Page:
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Game of the Century resonates with many, but most Husker players unfamiliar with history of NU/OU rivalry

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The thing with the Game of the Century, of course, is that it happened last century.

The 1971 classic between Nebraska and Oklahoma lives in college football lore for those who follow the game closely and study its history intently.

But for guys born in the new century — also known as pretty much everyone on Nebraska's roster — the rivalry and the games that defined it live well in the past. The teams haven't met since most of NU's players were around 10 years old.

Saturday's matchup between the Huskers and Sooners, while being a national stage for both teams, is more for the parents and the grandparents than the players.

"Game of the Century was in the 60s, right? 70s?" NU sophomore linebacker Luke Reimer (born in 2000) said Monday.

Told it was 1971, Reimer responded, "See? Shows you how much I know."

By the time he really started watching college football, Reimer said, Nebraska was in the Big Ten and the series with the Sooners was dissolved.

While that might make fans of a certain vintage wince a little, that's the reality of Saturday's game. Nebraska knows it will see a top-five opponent on the road. The Huskers know they have an opportunity, as a three-score underdog, to manufacture a shocking upset and potentially change the narrative of their season. 

But outside of that, the celebrations surrounding the game will amount to little more than a lesson in college football history for Nebraska's players.

"You know, I don’t remember at all because I was a little baby. I know it’s a huge rivalry, I know that," said sophomore linebacker Garrett Nelson (born in 2000). "I mean, it's a nameless, faceless opponent every week. We treat every game like it’s the Super Bowl, prepare like it’s the Super Bowl. The whole cliché deal. We need to focus on us and what we need to do and the rest will take care of itself."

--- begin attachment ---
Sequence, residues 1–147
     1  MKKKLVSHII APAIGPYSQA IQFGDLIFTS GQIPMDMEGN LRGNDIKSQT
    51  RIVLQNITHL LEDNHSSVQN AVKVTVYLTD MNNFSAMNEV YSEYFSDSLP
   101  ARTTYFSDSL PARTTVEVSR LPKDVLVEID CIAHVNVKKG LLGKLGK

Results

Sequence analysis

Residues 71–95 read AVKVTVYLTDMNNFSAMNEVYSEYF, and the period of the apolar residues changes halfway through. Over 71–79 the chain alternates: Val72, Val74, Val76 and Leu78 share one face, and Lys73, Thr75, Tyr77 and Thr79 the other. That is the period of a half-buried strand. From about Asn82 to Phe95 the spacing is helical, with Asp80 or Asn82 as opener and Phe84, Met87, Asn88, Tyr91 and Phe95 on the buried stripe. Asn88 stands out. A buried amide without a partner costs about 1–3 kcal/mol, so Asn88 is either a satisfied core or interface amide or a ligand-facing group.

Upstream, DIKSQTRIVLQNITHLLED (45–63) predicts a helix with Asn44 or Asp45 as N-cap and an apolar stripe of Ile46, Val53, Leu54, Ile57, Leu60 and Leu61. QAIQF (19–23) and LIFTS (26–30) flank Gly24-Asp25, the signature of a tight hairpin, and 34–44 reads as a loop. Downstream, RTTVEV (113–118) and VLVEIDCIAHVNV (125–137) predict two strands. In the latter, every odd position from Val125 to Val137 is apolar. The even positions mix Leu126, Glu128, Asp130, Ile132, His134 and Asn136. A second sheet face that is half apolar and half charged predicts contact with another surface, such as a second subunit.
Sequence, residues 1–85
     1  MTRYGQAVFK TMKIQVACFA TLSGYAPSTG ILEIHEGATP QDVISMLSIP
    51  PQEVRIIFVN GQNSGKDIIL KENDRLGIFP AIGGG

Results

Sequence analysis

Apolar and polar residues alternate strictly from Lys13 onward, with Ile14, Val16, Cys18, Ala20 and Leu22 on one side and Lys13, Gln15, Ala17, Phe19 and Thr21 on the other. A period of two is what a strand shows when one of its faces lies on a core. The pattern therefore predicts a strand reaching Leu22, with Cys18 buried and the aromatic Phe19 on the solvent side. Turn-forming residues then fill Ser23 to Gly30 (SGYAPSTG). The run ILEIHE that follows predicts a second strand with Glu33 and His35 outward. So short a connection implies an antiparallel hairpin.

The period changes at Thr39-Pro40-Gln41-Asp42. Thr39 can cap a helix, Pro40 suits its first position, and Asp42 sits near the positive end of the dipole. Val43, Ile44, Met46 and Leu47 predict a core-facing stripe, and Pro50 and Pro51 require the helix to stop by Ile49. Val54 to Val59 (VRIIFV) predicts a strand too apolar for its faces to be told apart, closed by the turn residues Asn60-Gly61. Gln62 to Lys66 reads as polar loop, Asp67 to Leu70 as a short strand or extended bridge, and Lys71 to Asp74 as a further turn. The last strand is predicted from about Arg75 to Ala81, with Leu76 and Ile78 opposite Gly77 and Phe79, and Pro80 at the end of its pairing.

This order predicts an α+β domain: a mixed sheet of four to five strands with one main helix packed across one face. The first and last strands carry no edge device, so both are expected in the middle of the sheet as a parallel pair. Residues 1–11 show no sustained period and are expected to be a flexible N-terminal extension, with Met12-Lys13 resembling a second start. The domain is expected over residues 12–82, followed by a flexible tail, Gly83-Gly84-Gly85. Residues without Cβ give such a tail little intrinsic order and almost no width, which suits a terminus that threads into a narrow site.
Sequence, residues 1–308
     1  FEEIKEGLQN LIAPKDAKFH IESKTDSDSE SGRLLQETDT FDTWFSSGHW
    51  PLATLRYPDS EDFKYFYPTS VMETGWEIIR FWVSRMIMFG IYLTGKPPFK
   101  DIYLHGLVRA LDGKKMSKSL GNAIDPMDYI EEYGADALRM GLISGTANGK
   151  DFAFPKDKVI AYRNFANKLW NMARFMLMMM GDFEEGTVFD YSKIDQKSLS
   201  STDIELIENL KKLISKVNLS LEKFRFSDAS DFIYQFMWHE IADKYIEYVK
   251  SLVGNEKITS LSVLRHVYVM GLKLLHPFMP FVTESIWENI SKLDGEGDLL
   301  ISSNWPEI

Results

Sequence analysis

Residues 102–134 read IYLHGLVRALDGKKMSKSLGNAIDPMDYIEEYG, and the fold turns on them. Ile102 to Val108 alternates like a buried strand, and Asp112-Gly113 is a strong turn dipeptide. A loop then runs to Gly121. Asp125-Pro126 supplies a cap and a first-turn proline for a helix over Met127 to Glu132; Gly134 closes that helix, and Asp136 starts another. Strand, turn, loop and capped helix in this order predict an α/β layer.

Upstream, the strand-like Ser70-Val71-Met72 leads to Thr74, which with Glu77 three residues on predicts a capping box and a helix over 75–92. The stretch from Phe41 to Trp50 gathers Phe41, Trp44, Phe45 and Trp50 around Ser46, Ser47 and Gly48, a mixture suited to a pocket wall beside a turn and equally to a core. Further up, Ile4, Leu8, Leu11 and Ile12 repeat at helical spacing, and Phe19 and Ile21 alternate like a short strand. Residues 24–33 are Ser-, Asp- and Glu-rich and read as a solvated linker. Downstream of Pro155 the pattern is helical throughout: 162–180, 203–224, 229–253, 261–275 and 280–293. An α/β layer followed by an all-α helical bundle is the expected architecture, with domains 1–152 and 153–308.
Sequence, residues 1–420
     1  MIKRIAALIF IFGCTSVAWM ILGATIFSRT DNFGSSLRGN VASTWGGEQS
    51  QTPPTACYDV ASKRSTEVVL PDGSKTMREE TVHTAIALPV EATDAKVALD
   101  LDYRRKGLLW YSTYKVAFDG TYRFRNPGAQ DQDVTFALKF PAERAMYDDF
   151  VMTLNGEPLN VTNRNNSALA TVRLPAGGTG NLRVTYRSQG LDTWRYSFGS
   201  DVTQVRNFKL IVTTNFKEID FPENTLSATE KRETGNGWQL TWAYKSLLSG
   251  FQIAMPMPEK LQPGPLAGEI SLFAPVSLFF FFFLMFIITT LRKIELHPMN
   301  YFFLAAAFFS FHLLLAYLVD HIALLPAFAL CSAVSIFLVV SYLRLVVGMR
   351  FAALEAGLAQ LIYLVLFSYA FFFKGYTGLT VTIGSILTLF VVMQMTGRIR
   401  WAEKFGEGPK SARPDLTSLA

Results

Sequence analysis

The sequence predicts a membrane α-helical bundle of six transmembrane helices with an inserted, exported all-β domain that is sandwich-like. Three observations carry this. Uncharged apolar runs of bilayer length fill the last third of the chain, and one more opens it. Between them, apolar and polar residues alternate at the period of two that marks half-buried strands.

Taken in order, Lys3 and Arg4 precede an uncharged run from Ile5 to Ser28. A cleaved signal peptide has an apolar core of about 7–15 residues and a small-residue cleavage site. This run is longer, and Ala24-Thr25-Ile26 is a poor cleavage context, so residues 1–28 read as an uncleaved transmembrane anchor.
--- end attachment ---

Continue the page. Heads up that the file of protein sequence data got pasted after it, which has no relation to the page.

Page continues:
Brant Banks didn't exactly grow up an Oklahoma fan, as the NU offensive lineman (born in 2000) lived in Texas. But he also didn't know much about Nebraska either, before being recruited by, and eventually signing with, the Huskers.

"Especially now seeing them, now that I'm at Nebraska, they're just like any other team," Banks said. "It's a nameless, faceless opponent. We have to go out there and do what we have to do, and that's the way we're going to win."

That doesn't lessen the importance of the game in Banks' eyes. He's heard about the rivalry from his father. But his words paired with Nelson's illustrate the approach NU is taking this week: it's not Oklahoma. It's just the next game on the schedule.

"I'm excited to bring it back," Banks said. "And hopefully we can go out there and show what we can do against a big opponent. 

Adrian Martinez is in the group of players who gets into the history of the game. A self-described "college football junkie", Martinez devours documentaries about the game and seems to understand the place the NU/OU rivalry holds in the bigger picture of college football.

"It means a tremendous amount to the fans, and to us as players to be a part of this rivalry," Martinez said. "It's the stuff I grew up wanting to be a part of, simple as that. I'm from California, and I knew about the Oklahoma/Nebraska rivalry. It's big, and I'm excited to finally be a part of it."

That history includes NU coach Scott Frost, who was the Huskers' quarterback for the two most lopsided whippings in the history of the series: 73-21 in 1996, and 69-7 in 1997. Before that, he was driving to games with his parents.

"I remember coming to a bunch of them. Driving from O'Neill and being here in Lincoln, or driving from McCook to come see the games; going to games around Thanksgiving when I was a little boy was a special deal," Frost said. "So I've seen a lot of them, been a part of a lot of them."

Now Frost the coach, still searching for the spark he hopes will light his alma mater's flame once again, will man the sidelines.

"This was my favorite game of the year growing up, my entire life. Just like every Nebraska fan, I think," Frost said. "and I was lucky enough to play in two of them. 

"One of the best rivalries in sports. It's kind of a shame it went away, but it's going to be special to be a part of it in a different role."

Contact the writer at or 402-473-7436. On Twitter @HuskerExtraCB.


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Husker men's basketball/baseball reporter

A Ravenna native, Chris covers the University of Nebraska men's basketball team and assists with football coverage. He spent nearly 10 years covering sports at the Kearney Hub and nearly four years at the Springfield News-Leader in Springfield, Mo.

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